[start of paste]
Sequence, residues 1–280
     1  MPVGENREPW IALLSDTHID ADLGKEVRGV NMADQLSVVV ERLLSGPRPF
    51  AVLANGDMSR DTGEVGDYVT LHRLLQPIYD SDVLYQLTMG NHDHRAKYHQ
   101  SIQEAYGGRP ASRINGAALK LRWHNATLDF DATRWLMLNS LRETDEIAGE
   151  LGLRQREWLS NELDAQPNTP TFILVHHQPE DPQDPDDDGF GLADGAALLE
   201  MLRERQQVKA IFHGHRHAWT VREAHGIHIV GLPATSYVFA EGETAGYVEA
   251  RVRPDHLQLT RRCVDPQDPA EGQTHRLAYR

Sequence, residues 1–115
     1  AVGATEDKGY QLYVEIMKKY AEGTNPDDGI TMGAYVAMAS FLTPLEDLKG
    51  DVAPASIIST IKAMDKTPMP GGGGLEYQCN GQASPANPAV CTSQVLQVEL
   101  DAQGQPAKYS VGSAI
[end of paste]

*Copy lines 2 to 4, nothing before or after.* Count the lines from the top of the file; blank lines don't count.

     1  MPVGENREPW IALLSDTHID ADLGKEVRGV NMADQLSVVV ERLLSGPRPF
    51  AVLANGDMSR DTGEVGDYVT LHRLLQPIYD SDVLYQLTMG NHDHRAKYHQ
   101  SIQEAYGGRP ASRINGAALK LRWHNATLDF DATRWLMLNS LRETDEIAGE